Apple Claims That Performing 3rd-Party iPhone Screen Repairs Will Not Void Customer’s Warranty


Choosing the AppleCare warranty program is not always the cheapest route, so when customers do get 3rd-party repairs done, they will not have to suffer for their actions because Apple has stated that such owners of iPhones will still be eligible for warranty-related services.

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Though 3rd-party repairs will not be voiding warranty according to an internal memo distributed by Apple to the company’s store employees (via MacRumors), it still means that the customer might have to pay for another set of repairs. For example, when a customer with an iPhone that has a 3rd-party display attached requests for a repair that is not related to the device’s display in any matter whatsoever, Apple Stores and Apple Authorized Service Providers have been advised to inspect the device for any fraud or tampering, and then replace the broken part based on Apple's in-warranty pricing.

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In addition, iPhones with 3rd-party displays must also be within their warranty coverage period, irrespective if it belongs to Apple's standard 1-year manufacturer's warranty or extended AppleCare coverage. If the warranty period has expired, then service is not going to be honored for free, in which case the customer will have to pay Apple’s flat rate in order to fix the smartphone. There are other details too.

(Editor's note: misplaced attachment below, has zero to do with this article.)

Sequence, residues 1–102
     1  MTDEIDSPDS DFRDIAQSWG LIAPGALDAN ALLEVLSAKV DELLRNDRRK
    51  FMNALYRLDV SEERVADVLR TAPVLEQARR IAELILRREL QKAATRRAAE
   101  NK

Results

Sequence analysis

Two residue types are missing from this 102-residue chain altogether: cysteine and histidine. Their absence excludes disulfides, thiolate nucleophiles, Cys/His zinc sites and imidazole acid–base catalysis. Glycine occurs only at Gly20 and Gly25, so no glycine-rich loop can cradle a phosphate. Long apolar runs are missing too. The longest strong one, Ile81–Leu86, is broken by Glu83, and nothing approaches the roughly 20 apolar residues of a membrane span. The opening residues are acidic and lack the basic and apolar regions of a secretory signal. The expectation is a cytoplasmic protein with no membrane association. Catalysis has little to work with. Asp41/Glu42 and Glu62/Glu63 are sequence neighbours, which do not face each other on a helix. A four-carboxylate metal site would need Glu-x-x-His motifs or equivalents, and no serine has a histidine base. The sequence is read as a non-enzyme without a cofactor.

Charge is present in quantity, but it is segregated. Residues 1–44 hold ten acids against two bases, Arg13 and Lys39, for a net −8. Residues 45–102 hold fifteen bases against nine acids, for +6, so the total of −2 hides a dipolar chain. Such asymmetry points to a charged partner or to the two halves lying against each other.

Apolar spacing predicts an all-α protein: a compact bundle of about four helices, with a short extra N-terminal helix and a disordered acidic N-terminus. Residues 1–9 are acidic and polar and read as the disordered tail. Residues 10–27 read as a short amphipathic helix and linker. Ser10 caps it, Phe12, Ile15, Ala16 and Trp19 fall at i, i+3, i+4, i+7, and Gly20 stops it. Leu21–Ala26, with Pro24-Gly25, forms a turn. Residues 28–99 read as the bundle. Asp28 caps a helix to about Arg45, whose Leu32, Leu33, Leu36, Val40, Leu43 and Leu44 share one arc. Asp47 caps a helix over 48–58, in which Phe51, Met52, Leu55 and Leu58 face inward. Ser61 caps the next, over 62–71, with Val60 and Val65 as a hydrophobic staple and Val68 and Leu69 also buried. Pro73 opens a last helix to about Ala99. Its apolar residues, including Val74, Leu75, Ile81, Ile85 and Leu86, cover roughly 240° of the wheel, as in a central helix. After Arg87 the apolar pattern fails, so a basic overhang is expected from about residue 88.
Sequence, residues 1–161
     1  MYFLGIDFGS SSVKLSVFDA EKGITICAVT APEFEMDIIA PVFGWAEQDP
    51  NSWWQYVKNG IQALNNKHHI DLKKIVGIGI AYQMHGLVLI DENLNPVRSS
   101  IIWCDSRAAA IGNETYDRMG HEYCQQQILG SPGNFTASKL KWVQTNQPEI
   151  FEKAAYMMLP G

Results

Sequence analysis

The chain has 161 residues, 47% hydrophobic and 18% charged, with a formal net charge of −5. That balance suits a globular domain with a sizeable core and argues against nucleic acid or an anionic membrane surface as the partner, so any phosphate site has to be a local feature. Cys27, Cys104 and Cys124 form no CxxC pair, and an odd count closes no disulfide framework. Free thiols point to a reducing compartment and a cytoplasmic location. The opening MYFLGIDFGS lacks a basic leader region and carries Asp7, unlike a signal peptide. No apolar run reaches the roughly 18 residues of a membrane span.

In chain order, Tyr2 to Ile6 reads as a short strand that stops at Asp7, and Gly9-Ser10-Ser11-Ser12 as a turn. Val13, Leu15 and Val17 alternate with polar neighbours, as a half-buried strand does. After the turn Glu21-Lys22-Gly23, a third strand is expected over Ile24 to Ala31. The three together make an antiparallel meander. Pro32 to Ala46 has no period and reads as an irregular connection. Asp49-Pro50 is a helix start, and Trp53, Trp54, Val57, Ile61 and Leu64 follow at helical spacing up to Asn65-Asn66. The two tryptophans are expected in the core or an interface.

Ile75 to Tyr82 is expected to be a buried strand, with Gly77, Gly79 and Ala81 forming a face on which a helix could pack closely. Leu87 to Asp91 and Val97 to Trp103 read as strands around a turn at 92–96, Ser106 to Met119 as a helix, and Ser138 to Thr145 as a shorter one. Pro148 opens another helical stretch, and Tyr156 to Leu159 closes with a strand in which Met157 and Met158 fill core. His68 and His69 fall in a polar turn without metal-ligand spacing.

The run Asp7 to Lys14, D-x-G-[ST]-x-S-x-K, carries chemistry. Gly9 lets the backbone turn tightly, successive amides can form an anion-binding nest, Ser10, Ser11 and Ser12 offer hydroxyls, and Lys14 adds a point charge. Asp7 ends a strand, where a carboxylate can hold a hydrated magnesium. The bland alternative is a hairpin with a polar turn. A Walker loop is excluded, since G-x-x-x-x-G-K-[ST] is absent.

If that 3rd-party part causes the repair to be unsuccessful or breaks the iPhone completely, Apple has stated that customers will be required to pay the out-of-warranty cost to replace the 3rd-party part, or the entire phone if it comes to that.

Apple has also said that AppleCare+ will not be authorized to undertake any 3rd-party display or battery repairs if the inspection finds such elements present in the device. While there are definitely come conditions and regulations that you will have to follow, it is refreshing to hear that Apple has finally opened up to the idea that customers will be given their due services (if the device is under warranty) even after someone else has attempted to repair it.

Let us see when this approach is branched out to other products like the MacBook Pro 2016 lineup.